A dentist who treated inmates at the Maryland Penitentiary died recently of AIDS, sparking concern in the state Division of Correction that he may have infected inmates, according to several sources.
Gov. William Donald Schaefer discussed the issue this morning at a hastily arranged meeting with corrections officials, including public safety Secretary Bishop L. Robinson.
The dentist, Victor Joseph Luckritz, died May 7 of complications from AIDS, according to a death notice in The Sun. Luckritz, who was 47 when he died, provided dental services in the prison system in 1988-90, according to a source. He worked for a company that provides medical and dental services to inmates throughout the state system.
State officials are concerned that Luckritz, who lived in Mount Washington, may have passed the deadly AIDS virus to some of his patients, which could create liability for the state, according to a source.
A spokesman for the state prison system did not return several calls today.
The case is similar to the much-publicized death of Dr. Rudolph Almaraz, an accomplished cancer surgeon at Johns Hopkins Hospital who died of AIDS last November.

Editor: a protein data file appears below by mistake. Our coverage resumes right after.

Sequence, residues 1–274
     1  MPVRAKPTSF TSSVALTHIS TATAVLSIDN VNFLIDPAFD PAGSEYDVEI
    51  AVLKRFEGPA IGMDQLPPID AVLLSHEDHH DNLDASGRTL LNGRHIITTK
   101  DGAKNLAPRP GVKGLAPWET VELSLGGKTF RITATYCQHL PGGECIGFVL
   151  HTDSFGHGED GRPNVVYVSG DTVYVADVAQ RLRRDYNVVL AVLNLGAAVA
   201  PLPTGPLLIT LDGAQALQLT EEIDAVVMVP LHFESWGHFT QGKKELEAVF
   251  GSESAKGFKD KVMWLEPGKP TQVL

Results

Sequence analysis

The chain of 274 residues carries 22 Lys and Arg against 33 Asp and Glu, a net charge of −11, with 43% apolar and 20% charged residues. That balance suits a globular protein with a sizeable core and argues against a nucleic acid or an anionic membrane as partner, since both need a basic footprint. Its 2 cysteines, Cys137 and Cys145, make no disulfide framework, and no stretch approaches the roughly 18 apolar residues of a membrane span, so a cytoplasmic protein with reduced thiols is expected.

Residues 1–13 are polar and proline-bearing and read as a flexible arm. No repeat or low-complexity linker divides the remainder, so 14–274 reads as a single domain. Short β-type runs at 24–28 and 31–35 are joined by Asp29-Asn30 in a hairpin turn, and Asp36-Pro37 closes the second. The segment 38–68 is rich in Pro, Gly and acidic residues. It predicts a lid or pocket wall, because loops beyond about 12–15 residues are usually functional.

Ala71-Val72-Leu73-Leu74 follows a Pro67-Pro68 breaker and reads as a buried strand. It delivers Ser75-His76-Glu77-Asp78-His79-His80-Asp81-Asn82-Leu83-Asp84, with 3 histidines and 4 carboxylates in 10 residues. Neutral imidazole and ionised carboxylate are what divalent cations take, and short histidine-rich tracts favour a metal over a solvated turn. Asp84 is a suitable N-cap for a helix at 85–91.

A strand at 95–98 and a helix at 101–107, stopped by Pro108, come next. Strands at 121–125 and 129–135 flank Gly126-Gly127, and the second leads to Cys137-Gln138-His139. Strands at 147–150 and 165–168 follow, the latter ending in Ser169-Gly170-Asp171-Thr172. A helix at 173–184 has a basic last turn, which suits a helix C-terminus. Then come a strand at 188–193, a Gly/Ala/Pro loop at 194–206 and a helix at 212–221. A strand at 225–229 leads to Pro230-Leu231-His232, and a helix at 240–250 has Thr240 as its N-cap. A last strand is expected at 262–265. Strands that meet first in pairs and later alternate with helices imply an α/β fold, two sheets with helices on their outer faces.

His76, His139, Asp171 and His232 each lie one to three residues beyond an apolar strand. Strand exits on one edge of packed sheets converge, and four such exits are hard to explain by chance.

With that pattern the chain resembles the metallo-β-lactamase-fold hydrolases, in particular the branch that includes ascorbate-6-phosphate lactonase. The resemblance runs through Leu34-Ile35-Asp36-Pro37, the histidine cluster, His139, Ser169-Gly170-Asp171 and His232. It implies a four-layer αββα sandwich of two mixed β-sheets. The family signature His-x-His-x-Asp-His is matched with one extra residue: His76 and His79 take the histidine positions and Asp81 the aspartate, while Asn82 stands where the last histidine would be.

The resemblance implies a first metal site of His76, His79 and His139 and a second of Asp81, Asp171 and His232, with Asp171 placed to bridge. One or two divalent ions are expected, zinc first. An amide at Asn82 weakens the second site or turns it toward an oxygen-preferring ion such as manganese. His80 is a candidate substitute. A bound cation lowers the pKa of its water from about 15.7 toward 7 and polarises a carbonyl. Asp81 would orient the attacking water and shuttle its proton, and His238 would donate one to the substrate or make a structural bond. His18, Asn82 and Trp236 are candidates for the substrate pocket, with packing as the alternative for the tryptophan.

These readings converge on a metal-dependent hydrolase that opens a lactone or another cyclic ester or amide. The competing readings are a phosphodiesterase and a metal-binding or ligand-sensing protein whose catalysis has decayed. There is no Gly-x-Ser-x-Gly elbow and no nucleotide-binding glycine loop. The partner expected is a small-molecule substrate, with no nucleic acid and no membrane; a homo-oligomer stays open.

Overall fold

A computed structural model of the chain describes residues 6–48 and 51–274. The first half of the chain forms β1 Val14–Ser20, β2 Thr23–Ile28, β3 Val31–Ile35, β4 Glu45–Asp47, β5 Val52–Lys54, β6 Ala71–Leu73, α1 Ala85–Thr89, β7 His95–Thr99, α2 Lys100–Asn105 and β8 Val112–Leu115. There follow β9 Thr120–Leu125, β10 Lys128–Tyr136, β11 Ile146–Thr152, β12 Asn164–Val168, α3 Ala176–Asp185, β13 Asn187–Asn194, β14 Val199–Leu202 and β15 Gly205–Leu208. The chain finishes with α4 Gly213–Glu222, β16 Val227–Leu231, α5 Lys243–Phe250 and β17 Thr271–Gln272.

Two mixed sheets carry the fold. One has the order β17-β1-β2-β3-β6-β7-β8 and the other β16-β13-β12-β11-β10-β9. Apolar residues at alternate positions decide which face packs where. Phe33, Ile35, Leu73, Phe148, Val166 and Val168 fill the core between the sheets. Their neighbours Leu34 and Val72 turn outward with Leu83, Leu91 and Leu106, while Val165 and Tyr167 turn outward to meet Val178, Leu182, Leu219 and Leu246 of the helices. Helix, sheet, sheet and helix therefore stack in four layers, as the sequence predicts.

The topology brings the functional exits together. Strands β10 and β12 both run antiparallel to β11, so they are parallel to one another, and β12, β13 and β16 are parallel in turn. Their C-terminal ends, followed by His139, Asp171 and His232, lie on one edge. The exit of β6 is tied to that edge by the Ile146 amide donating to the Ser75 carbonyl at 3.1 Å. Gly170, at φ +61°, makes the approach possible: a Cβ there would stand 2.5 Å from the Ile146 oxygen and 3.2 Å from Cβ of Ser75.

Almaraz performed breast surgery on hundreds of women, but it is not known whether he transmitted the disease to any of his patients.
Hopkins offered AIDS tests to 1,800 Almaraz patients, but results have not been released.
Speaking to reporters in January about the Almaraz case, Schaefer said he believed AIDS victims should not necessarily be made to disclose their disease publicly. But, he added, he had spoken with at least one of Almaraz's patients and sympathized with her fears about contracting the virus.
In a report issued last winter, the federal Centers for Disease Control estimated that surgeons and dentists may have transmitted the AIDS virus to more than 100 Americans in the past decade.
The CDC, admitting its figures were based on broad assumptions, estimated that surgeons had infected three to 28 patients and that dentists have passed the virus to 10 to 100 patients.